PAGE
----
Hidden in the back is a micro-USB port for the thick, white charging cable; Nest Cam has to be plugged in to power on. There are no physical buttons on the camera, which is both a security measure (someone can’t break in and turn the camera off) and a minor inconvenience (you have to open up the Nest app to turn off the camera, or else just yank the cord out of the wall).
One of Nest Cam’s most underrated features is ease of use, something that helped popularize Dropcam. Nest promises a 60-second setup, and while that definitely wasn’t the case for me, it took less than 10 minutes to get it out of the box, download the Nest mobile app and connect the device over Wi-Fi.
Nest Cam works with iOS and Android devices, which is where you’ll adjust your settings, watch a live feed from the camera, and receive alerts every 30 minutes if the camera has detected some activity. In addition to watching a live feed within the app, you can also access video clips of earlier motion or activity, provided you’re paying for Nest Aware.
Scrolling through your Nest Cam historical timeline on the Web is more painstaking than it is on mobile, but the Web dashboard offers a key feature: The ability to download and save video clips in a standard MP4 format. Otherwise, how would you be able to share video clips of your pet doing ridiculous things? Hypothetically speaking.
As mentioned earlier, the Nest Cam captures and streams video in 1080p HD, crisp enough to show human whiskers, in addition to animal ones. And it has a 130-degree wide-angle view, which was wide enough to view a good portion of the living room. If you really wanted to go nuts, you could have a maximum of 20 Nest Cams set up throughout your home.
Its eight infrared sensors are supposed to offer better video capture in the dark, compared with other cameras. While I wasn’t able to do a side-by-side comparison of low-light quality from multiple cameras, the Nest Cam’s night vision was good enough that I could see the pet prowling around at night.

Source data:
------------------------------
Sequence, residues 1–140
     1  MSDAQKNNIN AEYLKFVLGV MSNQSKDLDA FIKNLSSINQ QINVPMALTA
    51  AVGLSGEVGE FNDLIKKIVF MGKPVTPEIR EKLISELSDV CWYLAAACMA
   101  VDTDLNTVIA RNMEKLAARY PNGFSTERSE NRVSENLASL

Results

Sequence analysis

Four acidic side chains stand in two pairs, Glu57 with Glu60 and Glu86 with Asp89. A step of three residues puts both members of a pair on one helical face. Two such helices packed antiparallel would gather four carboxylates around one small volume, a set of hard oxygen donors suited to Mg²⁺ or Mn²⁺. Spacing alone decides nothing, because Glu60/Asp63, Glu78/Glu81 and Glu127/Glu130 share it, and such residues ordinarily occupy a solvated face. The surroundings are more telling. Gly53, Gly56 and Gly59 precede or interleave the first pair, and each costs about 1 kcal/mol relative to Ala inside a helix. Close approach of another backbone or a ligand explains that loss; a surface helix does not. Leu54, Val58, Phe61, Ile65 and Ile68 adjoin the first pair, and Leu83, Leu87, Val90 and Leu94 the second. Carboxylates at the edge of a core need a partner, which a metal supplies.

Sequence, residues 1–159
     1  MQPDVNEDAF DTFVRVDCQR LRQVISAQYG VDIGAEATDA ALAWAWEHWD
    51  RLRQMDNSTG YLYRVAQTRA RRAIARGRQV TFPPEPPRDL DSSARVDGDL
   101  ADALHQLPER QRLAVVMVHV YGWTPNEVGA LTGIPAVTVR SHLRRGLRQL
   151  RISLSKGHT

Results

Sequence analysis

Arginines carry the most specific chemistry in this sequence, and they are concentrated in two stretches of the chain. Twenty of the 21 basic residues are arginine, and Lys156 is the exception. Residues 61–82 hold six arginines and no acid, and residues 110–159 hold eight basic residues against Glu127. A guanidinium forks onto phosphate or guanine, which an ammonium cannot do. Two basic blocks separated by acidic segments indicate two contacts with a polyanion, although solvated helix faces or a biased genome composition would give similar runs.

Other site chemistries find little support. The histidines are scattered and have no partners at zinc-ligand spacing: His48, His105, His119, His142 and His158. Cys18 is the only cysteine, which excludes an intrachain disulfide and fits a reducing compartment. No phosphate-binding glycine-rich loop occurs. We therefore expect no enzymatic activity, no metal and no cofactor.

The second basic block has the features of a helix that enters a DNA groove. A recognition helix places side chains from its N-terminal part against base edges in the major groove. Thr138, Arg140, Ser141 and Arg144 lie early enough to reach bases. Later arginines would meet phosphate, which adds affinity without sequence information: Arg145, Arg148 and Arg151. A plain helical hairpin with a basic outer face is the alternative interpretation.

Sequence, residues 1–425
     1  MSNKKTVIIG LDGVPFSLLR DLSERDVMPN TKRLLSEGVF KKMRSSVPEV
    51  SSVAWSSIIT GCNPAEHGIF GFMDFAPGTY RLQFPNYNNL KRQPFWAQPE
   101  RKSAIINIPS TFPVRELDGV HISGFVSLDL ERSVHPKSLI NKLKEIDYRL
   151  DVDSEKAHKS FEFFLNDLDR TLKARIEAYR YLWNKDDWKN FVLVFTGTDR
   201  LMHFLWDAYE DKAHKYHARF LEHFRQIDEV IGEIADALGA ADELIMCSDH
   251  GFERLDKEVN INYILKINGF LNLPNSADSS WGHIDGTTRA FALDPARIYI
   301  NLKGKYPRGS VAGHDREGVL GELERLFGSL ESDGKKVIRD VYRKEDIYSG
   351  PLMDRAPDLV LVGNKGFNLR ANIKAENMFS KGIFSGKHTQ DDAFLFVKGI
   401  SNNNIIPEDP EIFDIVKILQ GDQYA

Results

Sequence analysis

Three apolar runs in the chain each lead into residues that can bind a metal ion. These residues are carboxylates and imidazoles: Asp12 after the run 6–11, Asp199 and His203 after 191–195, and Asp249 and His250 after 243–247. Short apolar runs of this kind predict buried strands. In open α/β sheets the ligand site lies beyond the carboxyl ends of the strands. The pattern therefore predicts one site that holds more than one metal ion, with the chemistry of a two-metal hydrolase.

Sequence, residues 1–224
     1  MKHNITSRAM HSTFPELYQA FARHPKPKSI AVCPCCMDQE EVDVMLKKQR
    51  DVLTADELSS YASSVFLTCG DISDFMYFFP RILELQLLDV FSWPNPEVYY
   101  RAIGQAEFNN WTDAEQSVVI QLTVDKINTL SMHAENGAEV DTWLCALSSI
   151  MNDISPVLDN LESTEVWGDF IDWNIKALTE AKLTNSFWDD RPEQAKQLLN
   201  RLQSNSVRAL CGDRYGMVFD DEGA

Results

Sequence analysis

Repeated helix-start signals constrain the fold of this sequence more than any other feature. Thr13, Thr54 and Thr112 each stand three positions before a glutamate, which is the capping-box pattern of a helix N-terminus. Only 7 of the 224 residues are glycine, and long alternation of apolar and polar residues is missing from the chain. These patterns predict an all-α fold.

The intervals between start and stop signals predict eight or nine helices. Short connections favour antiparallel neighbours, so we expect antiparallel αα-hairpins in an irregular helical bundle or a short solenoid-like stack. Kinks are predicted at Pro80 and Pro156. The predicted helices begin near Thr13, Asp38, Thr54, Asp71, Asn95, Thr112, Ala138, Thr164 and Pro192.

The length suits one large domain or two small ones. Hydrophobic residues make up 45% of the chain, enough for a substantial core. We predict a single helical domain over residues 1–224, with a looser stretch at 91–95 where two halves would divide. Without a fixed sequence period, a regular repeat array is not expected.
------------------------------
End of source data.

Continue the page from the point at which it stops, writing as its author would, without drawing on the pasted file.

There hasn’t been much activity at home over the past several days, but I could see how a product like Nest Cam would be useful for thwarting home break-ins, managing contractors or even monitoring a nursery, since Nest Cam has a mic and speaker for two-way communication (Dropcam has this, too).
On the flip side, some consumers would rather go streaking down the middle of the street than have a cloud-based home-video product running 24/7 in their homes. In other words, people (rightfully) have concerns about privacy.
Nest says the video that is captured only exists in the cloud for as long as your subscription allows, and that after that it disappears entirely. Nest says it doesn’t keep backup copies of the video.
There are other things to think about, too, if you’re considering Nest Cam. Your smartphone battery drains quickly when you’re constantly watching the live feed. I found that the camera itself gets unusually warm to the touch, something a co-worker even commented on when he was visiting my home to do a video shoot.
And it’s easy to forget there’s a camera recording you when you decide to sit and watch HBO’s “True Detective” in your underwear. Oh, right: Open app, turn camera off.
Nest’s first product in the security-camera space is simple and reliable. But it’s not so amazing that it blows competitors completely out of the water. And if you’re happy with your Dropcam, don’t rush to upgrade.
This article originally appeared on Recode.net.